A lesson in paying attention from a brown batMarch 3, 2016
Our ability to focus solely on relevant sensory information is a skill that we all take for granted. Research into where in the brain this talent resides is scant. New research using bats, published in Proceedings of the National Academy of Sciences, digs a little deeper.
For the entirety of our waking lives, our senses are bombarded by sensory stimulation.
It is easy to forget how much information flows through our senses every second of the day; our brains are so astute at presenting our consciousness with only the information that is important to us.
For instance, as you read this, you are probably seated. Your nether regions are nested against a chair, and your body weight is pushing down on your buttocks.
When you focus on this fact, you can feel the weight bearing down on your gluteus maximus. But before this was brought to your attention, that information was far from your focus.
Perhaps, if you are lucky, and you strain your ears, you can hear some distant birds. Until you consciously listen for them, however, their songs are as good as absent.
The mammalian brain is excellent at prioritizing inputs to ensure that the world is presented to us in a way that we can handle. If we were to focus on every single item that our senses detected, we would surely go mad.
Researchers at Johns Hopkins University have made new discoveries in the brains of bats that help us to understand how mammals pay such laser-guided attention.
Bats and sonar
Bats hunt by making sounds, then listening to them as they bounce back off any objects in front of them. This incredible use of sonar allows them to hunt during the darkest hours, a time when insects are off their guard and they can hunt in relative safety.
To use echolocation, the bats must be able to distinguish the echoes that their vocalizations make among a field of extraneous noise, including other bats' calls and their echoes, insects, trees, aircraft and cars.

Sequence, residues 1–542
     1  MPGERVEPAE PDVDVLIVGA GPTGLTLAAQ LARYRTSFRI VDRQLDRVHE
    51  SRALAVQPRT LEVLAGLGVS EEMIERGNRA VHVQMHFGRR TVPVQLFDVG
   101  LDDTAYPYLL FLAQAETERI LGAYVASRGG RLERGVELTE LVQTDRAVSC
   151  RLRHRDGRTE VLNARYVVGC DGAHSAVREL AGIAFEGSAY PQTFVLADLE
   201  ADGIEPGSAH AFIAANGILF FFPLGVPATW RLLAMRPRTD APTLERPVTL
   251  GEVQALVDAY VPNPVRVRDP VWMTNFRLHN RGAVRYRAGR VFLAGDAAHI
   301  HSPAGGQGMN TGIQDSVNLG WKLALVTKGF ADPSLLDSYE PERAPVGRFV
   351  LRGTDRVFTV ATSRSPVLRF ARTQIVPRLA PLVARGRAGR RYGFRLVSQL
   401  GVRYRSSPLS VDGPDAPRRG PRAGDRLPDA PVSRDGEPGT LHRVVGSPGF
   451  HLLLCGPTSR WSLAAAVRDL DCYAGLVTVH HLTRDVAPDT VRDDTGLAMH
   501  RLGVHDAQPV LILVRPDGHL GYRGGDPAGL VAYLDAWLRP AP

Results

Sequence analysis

Lead author Melville J. Wohlgemuth, a postdoctoral fellow in the Krieger School of Arts and Sciences' Department of Psychological and Brain Sciences, says:
"The bat brain has developed special sensitivities that allow it to pick out sounds from the environment that are pertinent to the animal. We were able to uncover these sensitivities because we used the perfect stimulus - the bat's own vocalizations."
Wohlgemuth and co-author Cynthia F. Moss, a Johns Hopkins professor and neuroscientist, set out to understand which sounds bats deemed important enough to pay attention to; they wanted to discover what kind of noise would be of enough interest to make the bats orient toward the sound.
Brain scans and the superior colliculus
The researchers used five big brown bats (Eptesicus fuscus), playing them a selection of different sounds while monitoring the activity in a specific section of their midbrain known as the superior colliculus.
The superior colliculus (SC) is known to play a role in collating sensory information and issuing the correct motor response, for instance, moving away from a threatening sound or toward one that sounds like food.
The researchers played bats a series of sounds, from natural vocalizations produced during a hunt, to white noise, and a selection of sounds ranging between the two extremes. All of the noises were equal in amplitude, bandwidth and duration.
The team found that the sensorimotor neurons in the ventral region of the SC responded to all of the sounds that were played, artificial or bat-based; however, neurons in the dorsal sensory regions of the SC only responded to natural bat-produced hunting sounds.
elevance to human attention
Because mammalian brains have great inter-species similarities, these findings are probably relevant for the human brain, too. The superior colliculus is known to be involved in directing eye movements in humans; Medical News Today asked Wohlgemuth whether the results might have implications for visual attention as well as sound, and he said:
"The superior colliculus is a multimodal structure that uses visual, auditory and somatosensory information to control orienting motor responses.
I believe that the results we found for auditory selectivity do indeed apply to other sensory systems, such as selecting a stimulus for visual orientation."
MNT asked Wohlgemuth whether he will continue his research into this most fascinating of mammals. He next plans to investigate bats while hunting prey items; his "future experiments will involve examining how the bat processes the actual sensory information being used for target tracking."
This fascinating and, at first, intractable area of neuroscience may soon yield more of its secrets. MNT recently covered research on the effect of flame retardants on children's attention spans.
Written by Tim Newman